San Diego, California - Thirty years ago, the rate of preventable trauma deaths in San Diego County was 21 percent. Today, the figure is less than one percent.
What is helping to save so many lives? The San Diego County Trauma System, a successful public-private partnership between the County of San Diego and six designated Trauma Centers.
County officials and representatives from the health care community will celebrate 30 years of saving lives at a special celebration today at the Manchester Grand Hyatt.
“The San Diego County Trauma System has saved thousands of lives and continues to prevent deaths from traumatic injury,” said County Supervisor Ron Roberts, who will present a proclamation to the Trauma System. “The Trauma System has proven to be a vital resource for our communities.”
The San Diego County Trauma System was one of the first coordinated, multi-center trauma systems established in the United States, and remains a nationally recognized model. In fact, a person who sustains a life-threatening injury in San Diego County is twice more likely to survive than if the injury happened in practically any other part of the U.S.
A traumatic injury refers to physical injuries of sudden onset and severity which require immediate medical interventions to save life and limb. Traumatic injuries could result from motor vehicle crashes, sports injuries, falls, natural disasters and a many other physical injuries.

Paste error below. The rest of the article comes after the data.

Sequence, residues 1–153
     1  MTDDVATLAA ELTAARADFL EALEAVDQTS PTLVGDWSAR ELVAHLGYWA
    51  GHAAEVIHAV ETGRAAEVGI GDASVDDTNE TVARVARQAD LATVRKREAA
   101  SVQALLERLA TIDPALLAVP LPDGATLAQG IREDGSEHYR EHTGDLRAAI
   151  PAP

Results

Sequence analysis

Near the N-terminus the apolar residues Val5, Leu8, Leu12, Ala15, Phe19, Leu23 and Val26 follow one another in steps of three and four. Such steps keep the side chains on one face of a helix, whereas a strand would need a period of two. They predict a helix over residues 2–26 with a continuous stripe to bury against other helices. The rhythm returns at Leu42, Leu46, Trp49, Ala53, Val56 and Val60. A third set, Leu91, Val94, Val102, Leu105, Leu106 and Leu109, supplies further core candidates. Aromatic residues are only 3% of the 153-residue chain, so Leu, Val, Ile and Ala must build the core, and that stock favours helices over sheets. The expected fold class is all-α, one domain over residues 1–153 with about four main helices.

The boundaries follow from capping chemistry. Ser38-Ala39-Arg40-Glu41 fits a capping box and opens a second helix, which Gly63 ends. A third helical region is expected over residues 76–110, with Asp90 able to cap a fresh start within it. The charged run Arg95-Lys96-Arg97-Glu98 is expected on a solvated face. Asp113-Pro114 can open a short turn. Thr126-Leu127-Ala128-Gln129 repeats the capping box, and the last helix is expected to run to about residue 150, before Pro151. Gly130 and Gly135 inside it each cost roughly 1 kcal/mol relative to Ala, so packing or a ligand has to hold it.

The local Trauma System serves all of San Diego County and receives many patients from Imperial County hospitals. It is made up of the following six trauma centers:
- Palomar Medical Center
- Scripps Memorial Hospital-La Jolla
- Scripps Mercy Hospital-Hillcrest
- Sharp Memorial Hospital
- Rady Children’s Hospital
- UC San Diego Medical Center
In the past 30 years, about 250,000 injured patients have received vital trauma care in the region.
The County Health and Human Services Agency’s (HHSA) Emergency Medical Services (EMS) triages patients to one of the six centers based on a number of factors, including geographic proximity. Whether arriving by ambulance, helicopter or on foot, critically injured people are rapidly assessed and the coordination of trauma care begins.
“A trauma victim’s chance of survival depends on immediate response,” said Nick Macchione, director of HHSA, which oversees EMS through the Public Health Services division. “The San Diego County Trauma System has been a great success because of the dedication and many years of hard work from the surgeons, nurses and staffs of the Trauma Centers, as well as the pre-hospital and base hospital personnel, and staff of EMS.”